The Root's Clapback Mailbag: An Annotated Guide to White Fragility

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“For Caucasians so loved the world that they gave to us their white tears. That whosoever believeth in it should not perish, but have everlasting whiteness.” - Wypipo 3:16


You weren’t supposed to get a mailbag today because Yesha and I are both off. But, as the Bible tells us in II Wypipians 3:16, “The Clapack Mailbag waits for no man.” (Except for Yesha, who literally just messaged me on our day off asking: “Where’s the Clapback?”)

Even though this was a banner week for people crying in the mailbag, they will have to wait because I think I may have received the whitest email of all time. Unlike most of the emails, comments, tweets and direct messages received by our staff, this particular submission wasn’t even hate mail. It was just white. It had all the elements, including:

  • White tears ...
  • from a fragile white woman ...
  • complaining about reverse racism ...
  • and how she feels attacked ...
  • by our unapologetic blackness.

There will not be multiple letters today. Today we shall focus on the Gospel according to Liah.

However, this one correspondence is so chock full of white tears, I have scrapped the usual format and decided to approach this particular email using my academic training in Wypipology, including footnotes. Think of it as Bible study from the White Testament.

Be ye not afraid. I have come so that ye may have clapback, and that ye may have clapback more abundantly.

From: Liah
To: Michael Harriot
Subject: Can we talk

Generally I spot one of your articles on my google feed, and that leads to me reading dozens of your articles on the Root. I think you’re great. You’re an amazing writer, really funny and smart. (1) I read the comments too. Once you commented something like this website isn’t really for white people. I disagree! (2) Because I’m white, (3) and I read these articles you’ve written, and I die inside a little more with each article that I read. I’m embarassed as hell and disgusted.


1. Notice the technique of prefacing her explanation of what’s wrong with black people. Other examples of this method include:

  • “I just feel like ...”
  • “I don’t want to sound racist, but ...”
  • And, my favorite: “I find it funny how ...”

2. Of course you do.

3. You don’t say! I would have never guessed!

I know white people are gross. We’ve done awful things and continue to do awful things to people unlike us. I only say we because I am white and it’s the truth. (4) I don’t know why white people are the way they are. For as much as we’ve done that was amazing and wonderful in the world, we’ve done just as much, if not more damage to it. (5) That makes me really sad. Your articles make me sad. Also angry (6) because I know that nobody should get their money stolen or be harassed by police OR FORCED TO CRAWL ON THE GROUND WITH GUNS DRAWN ON THEM WHEN THEY’VE DONE LITERALLY NOT ONE THING WRONG OR ILLEGAL.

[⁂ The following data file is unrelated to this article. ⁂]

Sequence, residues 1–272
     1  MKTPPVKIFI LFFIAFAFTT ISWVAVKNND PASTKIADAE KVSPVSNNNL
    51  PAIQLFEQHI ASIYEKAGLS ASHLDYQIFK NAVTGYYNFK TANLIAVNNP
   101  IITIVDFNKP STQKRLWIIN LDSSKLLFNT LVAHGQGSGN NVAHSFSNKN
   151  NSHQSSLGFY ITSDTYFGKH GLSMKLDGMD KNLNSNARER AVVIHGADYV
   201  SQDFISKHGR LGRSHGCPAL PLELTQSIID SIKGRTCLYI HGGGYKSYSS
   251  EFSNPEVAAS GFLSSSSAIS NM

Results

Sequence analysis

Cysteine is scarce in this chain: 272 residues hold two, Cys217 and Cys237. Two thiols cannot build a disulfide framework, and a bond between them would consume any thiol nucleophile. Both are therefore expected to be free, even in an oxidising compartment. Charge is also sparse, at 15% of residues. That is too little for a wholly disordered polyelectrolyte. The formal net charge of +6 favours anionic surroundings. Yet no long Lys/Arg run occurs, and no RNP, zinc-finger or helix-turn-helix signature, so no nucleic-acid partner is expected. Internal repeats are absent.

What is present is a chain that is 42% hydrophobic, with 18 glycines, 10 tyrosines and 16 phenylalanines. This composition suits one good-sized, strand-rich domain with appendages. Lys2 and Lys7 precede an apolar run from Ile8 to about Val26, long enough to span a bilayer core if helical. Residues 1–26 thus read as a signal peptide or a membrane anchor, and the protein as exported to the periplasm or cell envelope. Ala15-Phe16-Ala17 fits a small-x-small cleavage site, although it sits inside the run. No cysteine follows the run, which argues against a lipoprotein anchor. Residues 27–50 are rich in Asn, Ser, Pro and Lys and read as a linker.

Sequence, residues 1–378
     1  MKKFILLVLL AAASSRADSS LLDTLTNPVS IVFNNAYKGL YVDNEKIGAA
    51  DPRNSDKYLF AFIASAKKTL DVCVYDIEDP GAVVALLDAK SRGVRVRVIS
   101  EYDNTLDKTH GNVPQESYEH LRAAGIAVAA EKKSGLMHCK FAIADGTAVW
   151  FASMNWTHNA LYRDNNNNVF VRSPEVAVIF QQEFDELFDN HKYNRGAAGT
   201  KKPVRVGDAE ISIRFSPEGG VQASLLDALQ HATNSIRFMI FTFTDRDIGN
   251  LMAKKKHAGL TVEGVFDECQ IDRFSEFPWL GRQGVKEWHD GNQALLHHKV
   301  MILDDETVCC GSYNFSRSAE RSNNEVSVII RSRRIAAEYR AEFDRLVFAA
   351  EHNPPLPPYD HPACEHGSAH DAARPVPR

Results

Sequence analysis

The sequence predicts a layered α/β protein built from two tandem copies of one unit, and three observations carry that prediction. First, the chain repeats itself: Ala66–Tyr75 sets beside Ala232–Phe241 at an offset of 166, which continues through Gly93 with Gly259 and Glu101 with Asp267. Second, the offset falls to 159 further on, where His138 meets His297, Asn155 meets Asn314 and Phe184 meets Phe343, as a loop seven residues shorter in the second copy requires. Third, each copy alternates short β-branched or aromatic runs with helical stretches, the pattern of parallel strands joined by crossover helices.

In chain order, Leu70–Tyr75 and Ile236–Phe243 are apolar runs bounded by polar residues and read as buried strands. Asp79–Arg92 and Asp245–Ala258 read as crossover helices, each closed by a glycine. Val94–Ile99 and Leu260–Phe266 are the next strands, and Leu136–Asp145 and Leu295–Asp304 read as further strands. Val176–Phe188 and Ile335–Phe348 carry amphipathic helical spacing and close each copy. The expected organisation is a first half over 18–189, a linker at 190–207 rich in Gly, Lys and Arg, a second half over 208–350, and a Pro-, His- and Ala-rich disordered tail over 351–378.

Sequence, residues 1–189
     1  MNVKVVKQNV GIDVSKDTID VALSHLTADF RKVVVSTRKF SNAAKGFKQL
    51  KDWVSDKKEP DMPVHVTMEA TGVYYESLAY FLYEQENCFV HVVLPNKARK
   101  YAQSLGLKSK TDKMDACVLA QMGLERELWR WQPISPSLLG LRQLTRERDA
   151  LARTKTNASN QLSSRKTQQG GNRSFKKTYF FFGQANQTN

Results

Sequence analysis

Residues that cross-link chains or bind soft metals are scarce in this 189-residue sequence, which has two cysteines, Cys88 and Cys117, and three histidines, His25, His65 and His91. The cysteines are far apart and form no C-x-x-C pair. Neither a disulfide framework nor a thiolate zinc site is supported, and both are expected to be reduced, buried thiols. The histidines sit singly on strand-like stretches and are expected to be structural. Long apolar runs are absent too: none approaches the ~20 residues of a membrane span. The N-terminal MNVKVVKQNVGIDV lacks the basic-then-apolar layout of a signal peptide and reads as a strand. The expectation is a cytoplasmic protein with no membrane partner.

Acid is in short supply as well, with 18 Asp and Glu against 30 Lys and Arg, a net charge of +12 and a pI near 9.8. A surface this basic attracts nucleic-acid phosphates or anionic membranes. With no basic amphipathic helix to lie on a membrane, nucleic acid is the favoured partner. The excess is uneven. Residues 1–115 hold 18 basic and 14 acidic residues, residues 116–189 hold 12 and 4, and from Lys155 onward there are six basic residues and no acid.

4. I’m starting to like Liah. However, I sense a “but” coming.

5. I’m really sorry that Liah didn’t mention the “amazing and wonderful” things, so I will:

  • The iPhone
  • Pornhub
  • Hamburgers
  • Memes

That’s it. That’s the list.

6. Oh, Liah! If reading words on the internet makes you sad ... also angry, imagine how living that reality must feel. I still sense the “but” coming, though.

I also don’t like the racial division though. (7) Not every white person is a Becky or a Chad or whoever. (8) I’m certainly not. I’ve never been privileged in any way. (9) I’ve lived in many many of the impoverished and rough neighborhoods that Northeastern Ohio has to offer. (10) I’ve spent most of my life living with and loving people of different races and their cultures. (11) I know I can’t understand the struggle of being not white in America. I try but I know I never will. I think about the times I’ve had to deal with police myself. (12)


7. Goddammit, Liah, you didn’t even give me the satisfaction of reading “but” before you started explaining how you feel butthurt! That’s mean, Liah. Just mean!

8. Ok. At least you redeemed yourself by starting out with a “not all white people...” This is going to be good!


9. How much you wanna bet that—before this email is over—Liah gives multiple examples of her privilege?